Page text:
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Unbinding Habits

October 15, 2012

In order to grow we must change, adapt and create new ways of doing things. Whether it is arthritic fingers finding new ways to hold keys, or eating differently to avoid costly and life disrupting medications, our ability to develop new habits has a huge impact on our lifestyle.

A warm up game used by theatrical improvisers involves looking around a room and naming all the objects incorrectly. We look at a broom and call it “cat”, or look at the floor and call it “closet”. Labeling things allows us to take them for granted, which is useful sometimes. The downside is that we forget, or lose the ability to see what is really in front of us. People who play the above-mentioned game report being able to see the world around them with surprising clarity.

One of the exercises I did as a student was to name all the notes of the music I was playing. I would first sing and name all the highest notes, then do the same for the lowest notes and finish with what was in the middle. Proceeding with this activity, the white space on the paper appeared whiter, while the ink appeared darker. My perception altered with the increase in the quality of my attention.

Keeping your guitar playing fresh requires some surprise, and one way to achieve this is to de or re-tune your instrument. We relate to our instrument through comfortable physical patterns, but with a de or re-tuned guitar our bodies go through the same motions and produce unfamiliar sounds. They may be pleasant or unpleasant but if we search long enough we will find ways to make agreeable sounds by finding new finger patterns on the guitar. Modern steel string virtuosos do this regularly as a way to create new music for themselves. Learning means developing habits we can rely on, but taking things for granted means we can be trapped by those same habits.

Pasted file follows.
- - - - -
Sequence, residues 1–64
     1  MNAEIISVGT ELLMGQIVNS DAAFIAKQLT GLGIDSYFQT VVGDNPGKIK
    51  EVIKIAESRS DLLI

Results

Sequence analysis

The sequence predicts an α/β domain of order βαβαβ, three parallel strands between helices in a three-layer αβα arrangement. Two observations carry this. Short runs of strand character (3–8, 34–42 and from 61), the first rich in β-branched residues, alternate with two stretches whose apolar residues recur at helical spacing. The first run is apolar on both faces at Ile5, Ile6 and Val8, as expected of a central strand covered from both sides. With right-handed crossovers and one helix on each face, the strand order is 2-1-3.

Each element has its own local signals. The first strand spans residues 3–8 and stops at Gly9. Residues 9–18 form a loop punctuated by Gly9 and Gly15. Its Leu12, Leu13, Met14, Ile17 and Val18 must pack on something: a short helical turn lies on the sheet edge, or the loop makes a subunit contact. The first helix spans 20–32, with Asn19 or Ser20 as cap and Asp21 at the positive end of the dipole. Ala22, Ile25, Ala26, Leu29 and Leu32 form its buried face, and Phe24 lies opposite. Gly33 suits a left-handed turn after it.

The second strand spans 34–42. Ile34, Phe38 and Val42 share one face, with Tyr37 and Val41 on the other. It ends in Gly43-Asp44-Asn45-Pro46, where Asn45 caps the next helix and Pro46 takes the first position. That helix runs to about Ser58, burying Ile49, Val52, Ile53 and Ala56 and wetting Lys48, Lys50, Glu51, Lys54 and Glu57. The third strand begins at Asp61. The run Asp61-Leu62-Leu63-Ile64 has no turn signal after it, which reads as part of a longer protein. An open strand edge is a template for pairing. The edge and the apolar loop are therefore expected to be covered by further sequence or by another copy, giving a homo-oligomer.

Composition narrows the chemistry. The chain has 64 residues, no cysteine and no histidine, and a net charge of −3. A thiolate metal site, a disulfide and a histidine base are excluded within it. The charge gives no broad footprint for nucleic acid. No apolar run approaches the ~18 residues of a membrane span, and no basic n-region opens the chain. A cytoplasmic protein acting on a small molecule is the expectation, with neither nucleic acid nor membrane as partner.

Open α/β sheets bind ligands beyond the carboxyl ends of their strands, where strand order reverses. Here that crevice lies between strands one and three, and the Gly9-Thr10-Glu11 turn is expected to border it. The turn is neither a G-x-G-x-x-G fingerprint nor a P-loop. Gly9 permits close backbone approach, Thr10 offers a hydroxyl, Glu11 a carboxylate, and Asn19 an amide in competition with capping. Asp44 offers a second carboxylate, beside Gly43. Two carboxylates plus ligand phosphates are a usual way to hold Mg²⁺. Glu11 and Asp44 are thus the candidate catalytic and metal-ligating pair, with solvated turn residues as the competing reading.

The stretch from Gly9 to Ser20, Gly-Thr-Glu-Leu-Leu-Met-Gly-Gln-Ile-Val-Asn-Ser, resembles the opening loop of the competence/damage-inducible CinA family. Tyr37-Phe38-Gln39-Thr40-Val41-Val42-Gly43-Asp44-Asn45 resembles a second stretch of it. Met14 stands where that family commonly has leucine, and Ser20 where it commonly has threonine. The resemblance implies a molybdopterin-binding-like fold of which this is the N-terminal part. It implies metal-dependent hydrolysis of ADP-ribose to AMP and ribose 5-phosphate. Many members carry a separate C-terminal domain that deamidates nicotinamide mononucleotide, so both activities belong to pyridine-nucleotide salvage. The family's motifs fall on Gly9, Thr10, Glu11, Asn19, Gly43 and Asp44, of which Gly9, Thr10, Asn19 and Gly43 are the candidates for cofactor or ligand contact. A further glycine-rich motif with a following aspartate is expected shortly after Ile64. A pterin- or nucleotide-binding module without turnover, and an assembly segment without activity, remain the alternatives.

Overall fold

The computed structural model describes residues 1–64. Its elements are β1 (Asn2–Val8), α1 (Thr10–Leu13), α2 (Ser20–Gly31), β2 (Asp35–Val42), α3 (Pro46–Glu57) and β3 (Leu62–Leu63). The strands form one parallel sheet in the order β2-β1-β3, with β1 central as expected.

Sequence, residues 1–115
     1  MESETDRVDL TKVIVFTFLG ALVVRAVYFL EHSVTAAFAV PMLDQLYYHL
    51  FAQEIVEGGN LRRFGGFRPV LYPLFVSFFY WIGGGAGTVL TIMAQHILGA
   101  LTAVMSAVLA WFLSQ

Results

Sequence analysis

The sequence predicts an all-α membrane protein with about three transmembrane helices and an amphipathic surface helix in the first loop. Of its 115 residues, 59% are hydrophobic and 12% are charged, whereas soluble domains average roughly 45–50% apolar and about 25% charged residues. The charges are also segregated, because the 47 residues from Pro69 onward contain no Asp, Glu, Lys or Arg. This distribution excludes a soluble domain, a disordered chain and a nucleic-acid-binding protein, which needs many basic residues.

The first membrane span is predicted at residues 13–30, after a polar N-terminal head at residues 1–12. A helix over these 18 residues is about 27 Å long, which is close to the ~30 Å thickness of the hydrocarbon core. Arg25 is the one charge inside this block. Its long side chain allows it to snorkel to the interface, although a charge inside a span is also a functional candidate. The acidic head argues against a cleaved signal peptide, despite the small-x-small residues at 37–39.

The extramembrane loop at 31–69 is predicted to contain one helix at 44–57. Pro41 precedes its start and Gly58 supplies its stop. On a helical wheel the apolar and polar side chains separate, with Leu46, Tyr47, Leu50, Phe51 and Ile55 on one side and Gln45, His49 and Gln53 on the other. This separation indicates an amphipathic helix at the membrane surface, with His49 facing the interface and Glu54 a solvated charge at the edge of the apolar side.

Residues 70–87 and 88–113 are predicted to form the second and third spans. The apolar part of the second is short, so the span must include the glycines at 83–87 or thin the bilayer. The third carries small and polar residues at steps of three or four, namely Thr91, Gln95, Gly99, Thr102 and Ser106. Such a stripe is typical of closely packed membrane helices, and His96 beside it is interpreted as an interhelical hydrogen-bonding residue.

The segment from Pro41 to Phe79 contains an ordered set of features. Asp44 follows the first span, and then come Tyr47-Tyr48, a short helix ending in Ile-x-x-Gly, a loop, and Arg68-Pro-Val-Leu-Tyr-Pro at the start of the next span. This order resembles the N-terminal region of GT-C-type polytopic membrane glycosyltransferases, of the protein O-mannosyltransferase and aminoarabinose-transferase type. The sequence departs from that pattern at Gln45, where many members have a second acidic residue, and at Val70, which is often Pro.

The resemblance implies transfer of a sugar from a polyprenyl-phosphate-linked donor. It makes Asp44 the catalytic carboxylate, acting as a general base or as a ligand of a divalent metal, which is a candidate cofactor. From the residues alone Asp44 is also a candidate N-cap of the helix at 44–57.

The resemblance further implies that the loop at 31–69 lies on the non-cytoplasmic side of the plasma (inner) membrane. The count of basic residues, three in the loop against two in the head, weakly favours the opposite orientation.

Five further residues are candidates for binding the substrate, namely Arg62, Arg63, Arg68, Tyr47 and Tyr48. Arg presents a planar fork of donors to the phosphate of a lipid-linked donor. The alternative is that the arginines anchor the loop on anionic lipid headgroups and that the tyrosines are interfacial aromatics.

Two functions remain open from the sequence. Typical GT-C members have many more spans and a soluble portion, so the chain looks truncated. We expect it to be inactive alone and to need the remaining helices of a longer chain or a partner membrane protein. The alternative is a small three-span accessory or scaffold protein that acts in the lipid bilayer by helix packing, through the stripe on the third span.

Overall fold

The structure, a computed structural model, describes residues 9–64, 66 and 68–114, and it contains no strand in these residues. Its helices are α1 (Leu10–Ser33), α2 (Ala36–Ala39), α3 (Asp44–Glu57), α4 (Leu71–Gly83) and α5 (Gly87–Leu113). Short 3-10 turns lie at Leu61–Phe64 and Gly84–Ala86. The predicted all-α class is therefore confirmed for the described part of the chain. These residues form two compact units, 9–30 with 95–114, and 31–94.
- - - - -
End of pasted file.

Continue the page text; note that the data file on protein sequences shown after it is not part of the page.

Another way of creating new habits is the corrective pause. In this process we stop just before making an error, wait a moment, and play the subsequent passage correctly. Stopping the musical flow creates a physical tension in our body making the activity a little bothersome. Repeating the process, we gradually decrease the gap time until there is no interruption in the music, and no error either.

I have heard theatre improvisers say that you must never block a colleague’s invitation. There is not very much time in this kind of performance to think and act – so it is easy to see why a refusal could be dangerous – there might be no line and a skit could die. On the other hand, resisting clichés and tropes can keep us out of traps and allow us to stay fresh. In the words of Miles Davis, “ I listen for the first idea that comes into my head – don’t play it, I listen for the second idea that comes into my head – don’t play it, I listen for the third idea that comes into my head – don’t play it. I play the fourth one.” One of the reasons his music has stayed fresh all these years is the care he put into selecting his ideas.

Wisdom will tell us when to be comfortable with our patterns and when we need to develop new ones. Or you could follow the advice of Captain Beefheart and:
“Wait until the moon is out, then go outside, eat a piece of multi-grained bread and play your guitar to a bush. If the bush doesn’t shake, eat another piece of bread.”

Nasreddin Hodja planted two onion bulbs; one, he said, was for himself, and the other was for Allah. All the onions from Allah’s stalk were to be given to the poor. Some time passed and the bulbs grew into two stalks. One day the Hodja went into his vegetable garden to pick two onions. He checked the stalk he had planted for himself, it had only empty, dried up bulbs. The one that was intended for Allah, however, was burgeoning with nice, large onions. He picked two onions from Allah’s share. As he was shaking the soil off of the onions, an earth-shattering thunderbolt came down.

`Is all this fuss worth two onions?’ the Hodja addressed the sky, `Here, I put them back, stop the racket!’

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